Although he claims that because he eventually paid the full filing fee from his release fund his failure to disclose the trust account was much ado about nothing, the district judge disagreed. With the release fund generally available to an inmate only upon his release from the prison, the plaintiff had no right to use the account to pay his filing fee when his trust account was ample to pay it. It's true that even when the amount of the money in his trust fund is added to the money in his prison release fund and his general prison account, the total amount of his assets was only slightly in excess of $2000, a sum consistent with poverty. But this is misleading because the prison provides prisoners with food, clothing, shelter, medical care, and protection (albeit often spotty) against criminal assault, making the plaintiff's entire $2000 available to finance his lawsuit. Of course a suit for deliberate indifference and medical malpractice is bound to require a much greater expense than that to be winnable, but the plaintiff could (and did) ask the judge to recruit counsel for him and the judge did so, even though he lacked a complete picture of the plaintiff's financial situation. The judge could also have appointed a neutral expert witness under rule 706 of the Federal Rules of Evidence, but the case was dismissed before such an appointment was made. See Dobbey v. Mitchell-Lawshea, 806 F.3d 938, 941 (7th Cir. 2015); Rowe v. Gibson, 798 F.3d 622, 631-32 (7th Cir. 2015).

         Although the district judge might have granted the plaintiff's in forma pauperis petition even if he'd disclosed his separate trust account, hiding assets is not a permissible alternative to seeking the judge's assistance. An applicant has to tell the truth, then argue to the judge why seemingly adverse facts (such as the trust fund in this case) are not dispositive. A litigant can't say, "I know how the judge should rule, so I'm entitled to conceal material information from him."

         The appeal thus is doomed by 28 U.S.C. § 1915(e)(2)(A), which provides that "notwithstanding any filing fee, or any portion thereof, that may have been paid, the court shall dismiss the case at any time if the court determines that … the allegation of poverty is untrue." That is an exact description of this case; and even if, as some cases suggest, a plaintiff can be excused if his misstatements were made in good faith, Lee v. McDonald's Corp., 231 F.3d 456, 459 (8th Cir. 2000); Matthews v. Gaither, 902 F.2d 877, 881 (11th Cir. 1990), this is not such a case, involving as it does a deliberate, material lie. In Thomas v. General Motors Acceptance Corp., 288 F.3d 305, 306 (7th Cir. 2002), we remarked that "dismissal with prejudice may have been the only feasible sanction for this perjury designed to defraud the government. Dismissal without prejudice would have been no sanction at all, unless perchance the statute of limitations had run in the interim, which it must not have done or the plaintiff would not be complaining about the fact that his suit was dismissed with prejudice. And a monetary sanction would probably be difficult to collect from a litigant assiduous in concealing assets."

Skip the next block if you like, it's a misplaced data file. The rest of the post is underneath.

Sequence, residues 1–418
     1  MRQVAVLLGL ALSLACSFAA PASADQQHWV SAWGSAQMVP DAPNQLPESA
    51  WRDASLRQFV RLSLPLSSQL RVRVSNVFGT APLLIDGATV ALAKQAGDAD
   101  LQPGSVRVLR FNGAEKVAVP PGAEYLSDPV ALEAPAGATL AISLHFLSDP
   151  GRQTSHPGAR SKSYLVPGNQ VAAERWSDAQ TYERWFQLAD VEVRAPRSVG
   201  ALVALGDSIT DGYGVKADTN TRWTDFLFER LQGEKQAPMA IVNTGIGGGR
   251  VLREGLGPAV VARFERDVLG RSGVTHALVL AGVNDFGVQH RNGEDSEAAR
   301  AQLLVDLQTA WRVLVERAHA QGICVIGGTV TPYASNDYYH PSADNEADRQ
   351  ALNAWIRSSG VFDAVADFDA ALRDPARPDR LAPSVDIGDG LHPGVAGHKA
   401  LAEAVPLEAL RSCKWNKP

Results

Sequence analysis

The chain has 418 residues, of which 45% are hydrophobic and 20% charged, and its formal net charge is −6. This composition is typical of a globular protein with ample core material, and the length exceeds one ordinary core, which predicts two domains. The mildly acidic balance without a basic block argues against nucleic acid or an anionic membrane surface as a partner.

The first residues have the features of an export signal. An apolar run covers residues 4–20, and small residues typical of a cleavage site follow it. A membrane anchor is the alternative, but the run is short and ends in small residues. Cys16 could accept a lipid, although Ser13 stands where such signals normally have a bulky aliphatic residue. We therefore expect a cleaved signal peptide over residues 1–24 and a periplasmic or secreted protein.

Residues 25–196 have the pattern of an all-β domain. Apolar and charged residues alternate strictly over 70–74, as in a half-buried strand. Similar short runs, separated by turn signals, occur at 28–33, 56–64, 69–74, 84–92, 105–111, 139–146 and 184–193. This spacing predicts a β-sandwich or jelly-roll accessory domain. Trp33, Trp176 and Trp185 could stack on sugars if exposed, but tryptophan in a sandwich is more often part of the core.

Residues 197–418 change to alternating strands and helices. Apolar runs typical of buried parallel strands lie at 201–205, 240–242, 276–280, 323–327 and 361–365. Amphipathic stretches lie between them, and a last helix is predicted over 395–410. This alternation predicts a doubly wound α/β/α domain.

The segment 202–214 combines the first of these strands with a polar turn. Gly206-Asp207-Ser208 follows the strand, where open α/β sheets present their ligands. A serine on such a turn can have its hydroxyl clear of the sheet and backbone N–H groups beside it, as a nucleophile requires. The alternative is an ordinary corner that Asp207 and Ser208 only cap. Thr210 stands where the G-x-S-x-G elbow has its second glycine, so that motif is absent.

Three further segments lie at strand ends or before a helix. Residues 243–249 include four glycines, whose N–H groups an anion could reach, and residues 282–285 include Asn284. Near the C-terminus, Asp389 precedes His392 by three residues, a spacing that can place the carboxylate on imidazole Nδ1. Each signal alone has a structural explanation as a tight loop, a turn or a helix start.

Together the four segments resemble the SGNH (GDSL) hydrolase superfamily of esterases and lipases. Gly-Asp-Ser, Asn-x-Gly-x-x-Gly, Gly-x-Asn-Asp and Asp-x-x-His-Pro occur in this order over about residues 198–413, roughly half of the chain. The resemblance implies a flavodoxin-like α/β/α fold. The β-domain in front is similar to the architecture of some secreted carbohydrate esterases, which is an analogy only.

The plaintiff's contentions that he did not know the balance of his trust account and that $10 was his best guess are implausible. A week before he filed his in forma pauperis petition he had spent about $30 on postage and copying, and two weeks after the filing he had spent $500 on Christmas presents and $100 on clothing and books. He was, as the district court noted, "regularly dipping into his law firm trust account for his own use in the months leading up to and the weeks immediately following his [in forma pauperis] petition filing … [and] fails to explain … why he felt comfortable with spending hundreds of dollars from this account without knowing how much money was in it."

         The judge said that he had "considered alternative sanctions, including dismissal without prejudice. But anything less than dismissal with prejudice would be inappropriate in this case. Even supposing it is possible for this Court to only fine Plaintiff, fines would not be a fitting remedy because Plaintiff appears to now be impoverished, having long since spent all the money in his law firm trust account. A verbal or written warning would fail to do justice given Plaintiff's persistent disregard for the truth in this case. Dismissal without prejudice would seem little punishment at all as Plaintiff could then simply refile with a new, meritorious, in forma pauperis petition. If Plaintiff's time for filing has passed, dismissing without prejudice would be equivalent to ...